God loaned us this life as an opportunity to choose between future or past without an option to remain in an unchanging present. The future has no end of constant change. The past for us ends at just before our beginning. All still loaned and we earn nothing but the consequences from our free will choices in the image of our Creator.

    How can we get that across to those we love so much who want to go back before the womb and fear eternal damnation?

  • otrotierra

    Herm, amazing as always! So glad you’re here.

  • Neil Carter

    Would love to. I’ll message shortly.

  • John

    Hey Ben,

    I love this: “At times hades is described as a place of paradise (Luke 23:43) and other times a place of punishment (Luke 16:23), so it is a flexible word.”

    But I don’t think it is actually the case it looks to me like the word in 16:23 – is hades and the word in 23:43 is actually paradise … what exactly were you driving at in that sentence? Is there a textual variant?

  • Ben, thanks for this terrific summary. For me, the question in all of this is, “Will individuals and/or groups be brought into account on the other side?” Hell has indeed been used both as a practical tool for motivation and pragmatic scheme for conversion–as weapons, if you will. With that being said, we still will be held “accountable” in all these views. Our actions–and apparently even our thoughts–all matter.

    If our motivation is to come out right as to not be burned in a refining process, or to get a “ticket” to exempt us from eternal torture, we have indeed “part” of the story. It is the balance of God’s grace and justice that allows these views to be honest and appropriate. To bring fear of judgement as a conversion tactic is indeed wrong. But, that does not necessarily mean the viewpoint has no veracity.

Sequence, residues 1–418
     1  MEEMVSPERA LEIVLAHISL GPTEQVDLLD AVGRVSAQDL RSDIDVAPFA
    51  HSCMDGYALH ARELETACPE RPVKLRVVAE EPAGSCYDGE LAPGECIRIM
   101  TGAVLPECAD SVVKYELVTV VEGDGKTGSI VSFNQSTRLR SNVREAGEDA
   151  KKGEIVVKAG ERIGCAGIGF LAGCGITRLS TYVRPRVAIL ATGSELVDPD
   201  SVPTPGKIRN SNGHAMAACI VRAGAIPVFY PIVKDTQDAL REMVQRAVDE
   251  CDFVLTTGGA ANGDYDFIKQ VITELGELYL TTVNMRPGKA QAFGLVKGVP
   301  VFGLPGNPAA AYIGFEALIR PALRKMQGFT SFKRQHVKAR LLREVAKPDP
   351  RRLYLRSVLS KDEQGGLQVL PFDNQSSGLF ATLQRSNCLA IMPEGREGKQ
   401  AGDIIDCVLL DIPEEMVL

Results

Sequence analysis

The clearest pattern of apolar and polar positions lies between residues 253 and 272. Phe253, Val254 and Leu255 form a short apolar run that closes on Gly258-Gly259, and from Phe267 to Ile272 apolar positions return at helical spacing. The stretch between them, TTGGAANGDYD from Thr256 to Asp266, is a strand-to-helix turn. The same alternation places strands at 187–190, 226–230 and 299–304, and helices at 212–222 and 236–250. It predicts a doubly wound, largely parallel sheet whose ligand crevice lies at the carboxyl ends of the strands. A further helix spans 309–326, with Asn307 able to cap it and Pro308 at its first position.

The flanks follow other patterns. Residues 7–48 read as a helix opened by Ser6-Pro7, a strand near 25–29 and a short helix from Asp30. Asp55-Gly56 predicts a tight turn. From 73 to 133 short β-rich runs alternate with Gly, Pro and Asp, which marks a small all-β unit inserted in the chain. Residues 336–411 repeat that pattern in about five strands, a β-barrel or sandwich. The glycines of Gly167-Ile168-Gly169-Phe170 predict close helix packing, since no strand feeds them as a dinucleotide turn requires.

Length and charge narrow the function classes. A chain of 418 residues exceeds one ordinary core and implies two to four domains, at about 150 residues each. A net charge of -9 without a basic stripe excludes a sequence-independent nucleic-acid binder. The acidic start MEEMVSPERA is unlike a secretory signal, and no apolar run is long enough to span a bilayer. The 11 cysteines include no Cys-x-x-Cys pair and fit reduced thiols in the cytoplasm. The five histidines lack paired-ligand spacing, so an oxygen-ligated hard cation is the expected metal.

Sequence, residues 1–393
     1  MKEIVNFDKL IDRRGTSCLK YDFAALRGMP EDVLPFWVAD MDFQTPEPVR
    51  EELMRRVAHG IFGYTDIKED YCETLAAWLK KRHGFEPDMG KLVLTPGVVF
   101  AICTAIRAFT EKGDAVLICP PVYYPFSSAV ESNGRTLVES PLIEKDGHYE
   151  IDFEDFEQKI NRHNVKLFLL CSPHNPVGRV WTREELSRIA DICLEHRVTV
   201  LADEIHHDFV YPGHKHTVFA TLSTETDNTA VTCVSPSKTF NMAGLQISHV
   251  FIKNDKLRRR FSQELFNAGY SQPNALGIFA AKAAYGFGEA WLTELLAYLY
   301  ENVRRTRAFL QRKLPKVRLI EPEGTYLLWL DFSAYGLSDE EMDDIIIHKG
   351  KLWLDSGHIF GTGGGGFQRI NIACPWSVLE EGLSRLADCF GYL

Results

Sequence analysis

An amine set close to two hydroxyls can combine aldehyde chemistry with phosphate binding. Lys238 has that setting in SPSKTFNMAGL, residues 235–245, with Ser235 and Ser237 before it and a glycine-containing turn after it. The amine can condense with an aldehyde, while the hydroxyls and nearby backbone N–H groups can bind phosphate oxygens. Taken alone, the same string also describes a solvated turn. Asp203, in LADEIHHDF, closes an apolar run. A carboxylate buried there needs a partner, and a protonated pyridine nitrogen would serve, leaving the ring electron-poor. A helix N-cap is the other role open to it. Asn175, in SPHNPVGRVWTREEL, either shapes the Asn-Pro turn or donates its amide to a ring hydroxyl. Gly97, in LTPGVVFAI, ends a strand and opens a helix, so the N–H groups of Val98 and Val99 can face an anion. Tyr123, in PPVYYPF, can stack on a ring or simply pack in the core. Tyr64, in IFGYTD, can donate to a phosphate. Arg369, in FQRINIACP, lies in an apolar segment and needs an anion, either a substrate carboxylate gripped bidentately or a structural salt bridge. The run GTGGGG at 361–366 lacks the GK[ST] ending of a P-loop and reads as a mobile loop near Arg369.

Our heresy is in our misunderstanding of the entirety of the gospel. Regardless which view of the three is held, how do we apply “truth” if we truly love people? And, if we wish people to not burn in the after life, do we have this same passion for them as they are today?

  • Hi John- I worded that sentence poorly, but great question. In Luke 23:43 it does use the word παράδεισος, but here’s where that gets interesting: the primary use of that word is for a well-watered field, garden, etc., where animals are kept. The way some of the ancient Jews used the word however, was in reference to “the part of Hades which was thought by the later Jews to be the abode of the souls of pious until the resurrection.” So even though it is the word paradise, the word itself is speaking to an area of hades where they believed people went to wait the resurrection.

    Hope that helps, thanks for the question.

  • Jon-Michael Ivey

    It should be mentioned that “Hades” literally means “the unseen,” and that the term was commonly used to refer to not only the realm of the dead but everything buried beneath the surface of the earth. Miners extracted mineral wealth from Hades. Farmers planted their seeds in Hades. Mourners buried the bodies of their loved ones in Hades. It was very much a physical place primarily, with the mythological realm of disembodied spirits emerging as a metaphorical extension of the grave.

    In Greek mythology, Tartarus was a place even lower than hell that was used to imprison the rebellious Titans. A few of the most evil mortals who ever lived wound up there too, but to qualify a man would pretty much have to be worse than Hitler. Its denizens in their folklore were subject to tortures, unlike almost anyone in Hades.

    The bible does not contain the noun Tartarus. It merely uses a closely related verb. That verb would literally mean “to cast down into Tartarus,” but there are some ancient examples of it being used for those imprisoned in more mundane cells.

  • Jon-Michael Ivey

    One problem with this is that the bible very explicitly states that God is present even in Sheol/Hades.

    Another issue arises from the Catholic doctrine that God is not merely the a Supreme Being but Being Itself. Separation from Being is non-being, not existence. Thus, the only way to be completely separated from God would be to not exist.This supports the Annihilationist view, but Eternal Conscious Torment.

  • Jon-Michael Ivey

    The word hell is a very good Germanic equivalent of the Greek Hades. Hades literally means “the not seen.” Hell literally means “the concealed.” (Hell is a cognate of the word “cellar,” from the same Proto-Indo-European root.)